Fourth Amendment 4th Amendment

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The 4th amendment, search and seizure causes a lot of problems. Search and Seizure is the rights that police have when they enter in a home. The standard for conducting a warrantless search, probable cause, is the same standard necessary for a warrant to issue. An illegal search or illegal seizure is a violation of your Fourth Amendment rights, and any evidence seized must be excluded from trial. Normally police need a search warrant to enter into a home unless they get the consent to enter in the home without one they normally don't go go into a home without anything. A terry pat is when a police officer can detain or conduct a reasonable search for weapons where the officer has the reason to believe the person is armed. Auto stops is …show more content…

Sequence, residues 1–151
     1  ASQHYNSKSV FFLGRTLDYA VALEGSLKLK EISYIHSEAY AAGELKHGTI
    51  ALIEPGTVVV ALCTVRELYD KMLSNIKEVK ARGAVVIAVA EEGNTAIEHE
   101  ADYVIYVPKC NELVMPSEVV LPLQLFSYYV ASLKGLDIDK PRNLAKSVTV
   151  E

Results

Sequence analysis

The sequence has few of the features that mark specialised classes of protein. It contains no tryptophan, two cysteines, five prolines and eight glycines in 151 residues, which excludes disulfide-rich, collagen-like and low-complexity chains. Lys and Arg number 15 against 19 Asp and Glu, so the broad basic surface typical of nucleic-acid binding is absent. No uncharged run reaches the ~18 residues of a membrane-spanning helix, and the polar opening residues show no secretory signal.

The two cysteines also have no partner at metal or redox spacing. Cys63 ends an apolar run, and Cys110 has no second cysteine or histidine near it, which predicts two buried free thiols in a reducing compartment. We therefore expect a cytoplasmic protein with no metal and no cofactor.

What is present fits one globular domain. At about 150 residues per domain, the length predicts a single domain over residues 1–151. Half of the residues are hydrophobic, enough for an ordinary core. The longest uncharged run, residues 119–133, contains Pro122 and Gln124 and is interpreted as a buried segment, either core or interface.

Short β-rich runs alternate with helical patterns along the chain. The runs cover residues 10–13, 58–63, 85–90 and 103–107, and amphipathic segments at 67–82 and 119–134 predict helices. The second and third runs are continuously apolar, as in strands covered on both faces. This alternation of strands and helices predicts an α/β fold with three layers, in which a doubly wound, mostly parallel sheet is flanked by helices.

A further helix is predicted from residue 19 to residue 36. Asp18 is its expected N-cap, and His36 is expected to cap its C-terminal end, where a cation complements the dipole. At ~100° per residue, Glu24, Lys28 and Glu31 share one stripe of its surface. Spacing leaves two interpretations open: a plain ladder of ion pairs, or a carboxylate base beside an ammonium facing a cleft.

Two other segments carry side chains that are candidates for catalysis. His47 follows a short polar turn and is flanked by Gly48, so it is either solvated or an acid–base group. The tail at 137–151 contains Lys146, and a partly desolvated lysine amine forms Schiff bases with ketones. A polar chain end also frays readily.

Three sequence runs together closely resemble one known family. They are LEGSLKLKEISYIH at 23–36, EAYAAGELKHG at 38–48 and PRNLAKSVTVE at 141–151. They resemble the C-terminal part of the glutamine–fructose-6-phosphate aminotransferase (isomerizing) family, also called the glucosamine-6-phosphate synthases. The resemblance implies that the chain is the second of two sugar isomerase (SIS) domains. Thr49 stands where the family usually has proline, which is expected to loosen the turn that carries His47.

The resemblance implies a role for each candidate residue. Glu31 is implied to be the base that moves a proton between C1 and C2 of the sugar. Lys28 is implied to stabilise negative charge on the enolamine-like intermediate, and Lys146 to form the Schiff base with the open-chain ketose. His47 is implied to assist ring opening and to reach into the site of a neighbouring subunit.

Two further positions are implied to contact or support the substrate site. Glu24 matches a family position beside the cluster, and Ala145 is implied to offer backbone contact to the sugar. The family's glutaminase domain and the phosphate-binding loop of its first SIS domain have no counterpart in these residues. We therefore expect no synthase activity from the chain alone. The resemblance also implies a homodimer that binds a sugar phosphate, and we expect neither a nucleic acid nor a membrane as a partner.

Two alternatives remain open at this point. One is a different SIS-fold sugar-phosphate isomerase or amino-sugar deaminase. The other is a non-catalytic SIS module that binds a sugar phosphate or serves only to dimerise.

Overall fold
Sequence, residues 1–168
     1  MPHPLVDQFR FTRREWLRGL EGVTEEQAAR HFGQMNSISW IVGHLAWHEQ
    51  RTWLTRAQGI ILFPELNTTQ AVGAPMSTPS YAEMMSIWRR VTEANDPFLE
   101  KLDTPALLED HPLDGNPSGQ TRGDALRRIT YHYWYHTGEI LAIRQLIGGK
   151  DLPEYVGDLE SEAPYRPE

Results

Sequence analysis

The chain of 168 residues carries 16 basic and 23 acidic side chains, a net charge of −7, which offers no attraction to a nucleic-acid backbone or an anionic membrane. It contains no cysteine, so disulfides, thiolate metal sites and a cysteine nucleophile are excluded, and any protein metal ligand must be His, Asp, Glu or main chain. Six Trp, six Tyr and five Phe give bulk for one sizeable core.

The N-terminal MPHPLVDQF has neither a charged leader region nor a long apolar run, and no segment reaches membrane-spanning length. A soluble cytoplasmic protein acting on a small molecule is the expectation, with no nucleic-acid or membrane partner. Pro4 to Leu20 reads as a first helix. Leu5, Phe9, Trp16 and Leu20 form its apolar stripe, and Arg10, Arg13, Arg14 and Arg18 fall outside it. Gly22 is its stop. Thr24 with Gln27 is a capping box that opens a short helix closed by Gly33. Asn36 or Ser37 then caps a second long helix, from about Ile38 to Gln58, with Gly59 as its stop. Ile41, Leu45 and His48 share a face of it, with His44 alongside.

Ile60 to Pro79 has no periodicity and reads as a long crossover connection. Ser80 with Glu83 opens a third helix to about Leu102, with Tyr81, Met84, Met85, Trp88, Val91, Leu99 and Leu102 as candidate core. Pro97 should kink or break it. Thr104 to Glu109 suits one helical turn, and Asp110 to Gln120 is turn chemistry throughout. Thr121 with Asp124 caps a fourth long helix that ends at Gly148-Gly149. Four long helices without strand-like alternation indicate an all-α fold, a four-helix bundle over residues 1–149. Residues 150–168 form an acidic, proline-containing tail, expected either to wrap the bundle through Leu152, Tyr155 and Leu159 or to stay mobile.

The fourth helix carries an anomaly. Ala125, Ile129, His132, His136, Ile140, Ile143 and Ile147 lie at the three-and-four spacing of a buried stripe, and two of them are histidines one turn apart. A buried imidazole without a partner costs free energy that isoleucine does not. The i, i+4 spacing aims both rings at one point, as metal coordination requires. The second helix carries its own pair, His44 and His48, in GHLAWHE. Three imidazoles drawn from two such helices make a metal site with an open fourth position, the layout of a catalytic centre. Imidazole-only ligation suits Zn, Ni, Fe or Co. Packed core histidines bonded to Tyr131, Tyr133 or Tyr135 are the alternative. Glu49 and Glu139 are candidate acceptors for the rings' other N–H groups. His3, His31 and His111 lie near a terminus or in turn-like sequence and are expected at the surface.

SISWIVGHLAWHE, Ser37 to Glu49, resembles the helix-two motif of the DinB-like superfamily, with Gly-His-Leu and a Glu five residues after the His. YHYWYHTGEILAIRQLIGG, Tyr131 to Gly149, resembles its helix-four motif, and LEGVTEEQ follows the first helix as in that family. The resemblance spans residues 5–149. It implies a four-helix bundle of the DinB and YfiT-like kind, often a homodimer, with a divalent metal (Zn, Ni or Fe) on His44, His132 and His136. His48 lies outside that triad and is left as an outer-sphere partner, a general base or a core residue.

Although commonly referred to as the “automobile exception,” this rule applies to any vehicle, including boats. While in some ways, it is quite a broad exception, this rule limits the ability to search those areas that might contain evidence of the type suspected to be present. In other words, if police suspect that the occupant of a boat is smuggling people across the border, searching a small tackle box on board would not be permissible. However, if they were looking for drugs, they could search the tackle box. The rationale is that, if an officer has to take the time to obtain a warrant, the vehicle might be out of reach before the warrant can be issued and executed. The rationale here is similar to the automobile exception. Evidence that can be easily moved, destroyed or otherwise made to disappear before a warrant can be issued may be seized without a warrant. Furthermore, if a suspect enters private property while being pursued by officers, no warrant is required to enter that property in order to continue pursuit, even if the suspect is in no way connected with the property owner. No warrant is required to seize evidence in plain view if the police are legitimately in the location from which the evidence can be viewed. For example, an officer cannot illegally enter a suspect’s backyard and then use the plain view exception to seize an illegally kept alligator living in the pool. But, if on the premises to serve a warrant duly issued to search for marijuana

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